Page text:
Russell Police Chief Explains Process to Apply for Body Cam Grant
October 17, 2021 by Ann Wishart

There is more to having police officers using body-worn cameras than pinning them on a vest.

There is more to having police officers using body-worn cameras than pinning them on a vest.

That became clear Oct. 5, when Russell Township Police Chief Tom Swaidner told Russell Township Trustees the steps he needs to take before applying next year for a grant from the U.S. Department of Justice.

The multi-million-dollar grant will provide funding for BWCs to law enforcement organizations with fewer than 50 full-time sworn personnel, according to the July press release from the DOJ.

Swaidner, who became chief upon the retirement of Tim Carroll mid-September, said the deadline to apply in 2021 can’t be met because of the requirements of the grant, but he expects there will be similar funding in 2022.

“There’s a lot to work out,” he told trustees.

The department needs a policy for BWC use and the prosecuting attorney has to concur that BWC recordings are acceptable evidence to use in court cases, Swaidner said.

On the technical side, the township has to decide what software the program needs, how it will store the recordings securely and how to redact sensitive material when the recordings become public, he said.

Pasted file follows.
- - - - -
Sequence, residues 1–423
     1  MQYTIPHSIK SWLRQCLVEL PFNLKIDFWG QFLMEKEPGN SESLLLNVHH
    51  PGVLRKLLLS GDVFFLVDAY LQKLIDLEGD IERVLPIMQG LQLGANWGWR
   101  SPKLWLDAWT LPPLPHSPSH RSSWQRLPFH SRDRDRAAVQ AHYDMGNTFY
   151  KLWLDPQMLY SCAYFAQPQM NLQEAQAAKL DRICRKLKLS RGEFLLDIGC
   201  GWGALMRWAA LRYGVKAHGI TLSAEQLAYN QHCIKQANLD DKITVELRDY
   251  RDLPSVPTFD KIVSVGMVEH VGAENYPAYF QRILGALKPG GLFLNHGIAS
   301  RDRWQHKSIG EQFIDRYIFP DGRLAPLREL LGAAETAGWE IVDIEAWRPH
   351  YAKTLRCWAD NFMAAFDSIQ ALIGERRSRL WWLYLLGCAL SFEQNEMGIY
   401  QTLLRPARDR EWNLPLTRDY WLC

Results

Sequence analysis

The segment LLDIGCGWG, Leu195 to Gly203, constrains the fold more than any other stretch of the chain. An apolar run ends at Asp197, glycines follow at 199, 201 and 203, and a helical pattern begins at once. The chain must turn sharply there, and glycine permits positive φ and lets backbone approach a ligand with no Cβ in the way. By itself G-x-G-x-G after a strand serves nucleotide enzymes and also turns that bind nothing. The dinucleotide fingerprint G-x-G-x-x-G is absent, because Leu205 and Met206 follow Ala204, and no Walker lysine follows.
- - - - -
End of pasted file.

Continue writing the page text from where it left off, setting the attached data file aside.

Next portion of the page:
Swaidner said his department has been checking out possible vendors, starting with the company that supplies Russell’s car video equipment.

“It’s a big project to implement,” he said, adding there is no local road map to start it up. No other police department in Geauga County has BWCs, but he said he plans to contact the Geauga County Sheriff’s Office for advice.

“There are a lot of questions (such as) is this a violation of an officer’s contract?” Swaidner said. “There’s a lot of moving parts.”

Trustee Jim Mueller urged the chief to keep moving on the program since he thinks the state legislature will eventually make BWCs mandatory for law enforcement officers.

Swaidner agreed, adding the cameras generally are a benefit to officers.

“There’s more officers exonerated of wrong-doing than officers getting in trouble for things captured on camera,” he said. “Over the next 10 years, (BWCs) will become standard. In-car cameras took time.”

In other business, Trustee Gary Gabram said the report on asbestos in the old fire station should be done soon so demolition may begin mid-October, depending on the findings.

The estimate for all the work was $71,000 with a bid of $21,000 for the actual demolition, he said.

That price includes plugging the well, shifting around recycling containers behind the old station and moving equipment.

“We’re utilizing everything we can,” he said via phone call Oct. 6.